Calantha Flooring August 03rd, 2017 - 20:31:11
With reclaimed material waste factor is a huge variable. How much effort does the manufacturer take to give you a 100% usable product? Poorly milled with very little defecting and culling done on a solid wood floor that costs $6/sf and has a 15% waste factor actually costs more than a similar product that is milled better costing $7/sf with a 2% waste factor. That extra wastes costs more in shipping and labor to defect. This is one of the hardest things to demonstrate to a customer that the face value costs doesn`t necessarily represent the actual raw material cost unless one is truly comparing identical quality and specified products.
Seventh, are you a do-it-yourselfer? Think through every step of the process to be sure that you can do it yourself. Usually the install can be done with relatively moderate skills and simple tools like a chop saw and rented flooring nailer. The finishing process is a whole different matter. The sanders and buffers take some special skills to operate. A normal price range for labor and materials to install a wood floor is $4-5 per square foot. It is possible to build your own sweat equity into a floor install. Maybe this is where you choose to use our engineered product for example because it is presanded to more accurate tolerances than a solid wood product. It can be touched up with a hand held orbital sander rather than industrial floor sanders. Then if you are doing the finish yourself, you will want to consider using a finish that may not require as much buffing between coats.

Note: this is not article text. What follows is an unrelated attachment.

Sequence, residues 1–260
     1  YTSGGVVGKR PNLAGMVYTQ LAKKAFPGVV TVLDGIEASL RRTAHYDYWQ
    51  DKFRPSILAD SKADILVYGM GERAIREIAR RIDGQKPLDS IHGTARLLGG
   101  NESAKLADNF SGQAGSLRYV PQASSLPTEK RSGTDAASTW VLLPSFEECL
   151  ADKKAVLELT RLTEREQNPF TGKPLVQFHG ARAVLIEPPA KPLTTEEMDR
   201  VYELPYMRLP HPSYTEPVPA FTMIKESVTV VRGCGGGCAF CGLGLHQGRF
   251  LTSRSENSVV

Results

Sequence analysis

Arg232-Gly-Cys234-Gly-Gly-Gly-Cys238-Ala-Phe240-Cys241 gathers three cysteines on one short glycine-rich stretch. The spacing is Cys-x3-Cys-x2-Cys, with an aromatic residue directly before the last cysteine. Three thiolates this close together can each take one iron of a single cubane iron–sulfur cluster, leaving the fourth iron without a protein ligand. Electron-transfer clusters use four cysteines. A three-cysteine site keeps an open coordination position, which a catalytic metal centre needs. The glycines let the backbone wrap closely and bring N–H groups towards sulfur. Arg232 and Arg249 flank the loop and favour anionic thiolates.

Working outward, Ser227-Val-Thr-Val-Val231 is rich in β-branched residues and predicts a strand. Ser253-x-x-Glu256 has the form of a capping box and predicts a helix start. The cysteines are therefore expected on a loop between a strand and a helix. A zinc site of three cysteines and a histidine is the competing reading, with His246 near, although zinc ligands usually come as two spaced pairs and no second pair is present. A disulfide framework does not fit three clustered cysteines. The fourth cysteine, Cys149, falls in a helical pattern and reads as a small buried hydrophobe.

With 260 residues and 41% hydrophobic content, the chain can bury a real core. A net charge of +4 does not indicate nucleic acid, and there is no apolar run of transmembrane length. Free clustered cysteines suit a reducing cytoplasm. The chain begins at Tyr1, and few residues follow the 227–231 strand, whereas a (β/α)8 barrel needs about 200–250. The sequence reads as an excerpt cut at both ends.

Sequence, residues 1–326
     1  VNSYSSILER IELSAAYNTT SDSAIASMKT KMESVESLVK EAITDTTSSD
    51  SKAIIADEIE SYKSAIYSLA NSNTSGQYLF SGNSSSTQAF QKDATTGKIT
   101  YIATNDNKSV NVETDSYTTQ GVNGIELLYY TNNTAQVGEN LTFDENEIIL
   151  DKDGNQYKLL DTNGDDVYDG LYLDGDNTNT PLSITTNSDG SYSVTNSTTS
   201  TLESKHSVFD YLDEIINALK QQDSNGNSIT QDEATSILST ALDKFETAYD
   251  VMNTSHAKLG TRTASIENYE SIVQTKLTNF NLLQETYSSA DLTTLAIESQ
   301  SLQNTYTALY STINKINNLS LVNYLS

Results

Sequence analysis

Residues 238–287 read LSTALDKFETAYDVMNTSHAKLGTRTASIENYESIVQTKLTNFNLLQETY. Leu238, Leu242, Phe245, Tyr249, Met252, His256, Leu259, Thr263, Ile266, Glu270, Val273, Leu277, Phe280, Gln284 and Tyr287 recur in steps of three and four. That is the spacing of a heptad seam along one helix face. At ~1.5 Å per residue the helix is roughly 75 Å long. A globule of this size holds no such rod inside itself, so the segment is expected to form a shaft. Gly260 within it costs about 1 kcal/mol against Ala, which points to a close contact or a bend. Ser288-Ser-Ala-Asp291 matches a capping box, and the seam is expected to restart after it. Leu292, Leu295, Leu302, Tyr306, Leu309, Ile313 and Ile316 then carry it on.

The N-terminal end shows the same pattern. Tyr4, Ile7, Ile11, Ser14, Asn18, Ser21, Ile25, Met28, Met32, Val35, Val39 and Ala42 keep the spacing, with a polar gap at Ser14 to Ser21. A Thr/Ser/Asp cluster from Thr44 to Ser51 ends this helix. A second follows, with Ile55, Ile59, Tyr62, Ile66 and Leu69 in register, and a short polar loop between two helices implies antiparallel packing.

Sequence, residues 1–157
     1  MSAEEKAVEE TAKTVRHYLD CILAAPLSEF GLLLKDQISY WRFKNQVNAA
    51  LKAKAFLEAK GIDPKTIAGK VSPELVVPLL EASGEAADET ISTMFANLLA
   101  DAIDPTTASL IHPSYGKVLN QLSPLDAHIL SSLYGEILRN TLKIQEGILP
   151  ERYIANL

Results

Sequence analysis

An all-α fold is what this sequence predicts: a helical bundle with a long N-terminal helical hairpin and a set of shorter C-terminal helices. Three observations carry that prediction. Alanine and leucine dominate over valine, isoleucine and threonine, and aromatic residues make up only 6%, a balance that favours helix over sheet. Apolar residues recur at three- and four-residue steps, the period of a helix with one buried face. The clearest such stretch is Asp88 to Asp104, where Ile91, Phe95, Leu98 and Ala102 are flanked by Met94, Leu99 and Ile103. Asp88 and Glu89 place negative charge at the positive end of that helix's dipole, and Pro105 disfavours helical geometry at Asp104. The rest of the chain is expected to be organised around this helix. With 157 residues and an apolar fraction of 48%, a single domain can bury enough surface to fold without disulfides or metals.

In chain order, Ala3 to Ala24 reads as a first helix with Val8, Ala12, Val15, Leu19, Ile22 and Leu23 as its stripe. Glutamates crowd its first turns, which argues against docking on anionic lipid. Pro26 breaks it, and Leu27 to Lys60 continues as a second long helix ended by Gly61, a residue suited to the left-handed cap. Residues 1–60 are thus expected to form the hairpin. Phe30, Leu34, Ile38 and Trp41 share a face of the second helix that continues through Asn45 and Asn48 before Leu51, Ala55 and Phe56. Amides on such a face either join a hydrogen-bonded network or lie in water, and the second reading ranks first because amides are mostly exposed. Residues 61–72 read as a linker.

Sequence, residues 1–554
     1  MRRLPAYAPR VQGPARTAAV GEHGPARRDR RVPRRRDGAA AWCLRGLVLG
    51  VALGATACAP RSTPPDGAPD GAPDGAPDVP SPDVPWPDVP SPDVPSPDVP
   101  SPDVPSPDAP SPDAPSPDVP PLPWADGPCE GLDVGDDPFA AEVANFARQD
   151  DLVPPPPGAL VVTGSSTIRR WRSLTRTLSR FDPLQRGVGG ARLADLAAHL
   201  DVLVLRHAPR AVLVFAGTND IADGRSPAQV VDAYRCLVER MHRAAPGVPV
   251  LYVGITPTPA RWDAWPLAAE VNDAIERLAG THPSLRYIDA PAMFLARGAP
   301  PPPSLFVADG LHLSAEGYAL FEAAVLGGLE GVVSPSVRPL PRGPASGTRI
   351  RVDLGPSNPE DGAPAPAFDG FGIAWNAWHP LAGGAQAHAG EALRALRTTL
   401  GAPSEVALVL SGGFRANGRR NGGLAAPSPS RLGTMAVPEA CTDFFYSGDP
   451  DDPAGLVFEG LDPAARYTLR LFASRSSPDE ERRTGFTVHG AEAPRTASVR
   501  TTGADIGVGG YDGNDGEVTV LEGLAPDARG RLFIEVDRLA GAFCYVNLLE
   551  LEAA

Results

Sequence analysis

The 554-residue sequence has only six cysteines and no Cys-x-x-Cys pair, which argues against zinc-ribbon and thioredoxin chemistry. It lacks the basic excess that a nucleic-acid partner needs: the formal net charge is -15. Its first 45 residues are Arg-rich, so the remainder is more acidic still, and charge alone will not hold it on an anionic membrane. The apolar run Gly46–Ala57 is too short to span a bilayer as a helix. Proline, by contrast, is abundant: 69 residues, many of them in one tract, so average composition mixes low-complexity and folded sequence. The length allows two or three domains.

Most commonly installed are interlocking sheathing panels. This type of sheathing is generally 5/8" thick, and manufactured as either plywood or aspenite (commonly referred to as "chipboard") in 4` x 8` sheets. The sheets come with the long edges designed to interlock with a tongue on one edge, and a grove on the opposing edge. They are installed by simply pushing or pounding the sheets together, and nailing or screwing them to the joist work, in the same manner as raw sheathing. It is often the cheapest to install.
Of all the wood flooring, the most often installed is the parquet tile. They consist of square interlocking wood strips, held together with glues and/or metal wires. Often they come as single 6"x6", or multiple 12"x12" square tiles, about 1/4" thick. They are glued directly to the sub-flooring, and are strong enough to span small deviations in it. The wood is often prefinished, and requires little maintenance. Parquet floors are a cheaper alternative to strip flooring, providing the same warm, durable surface.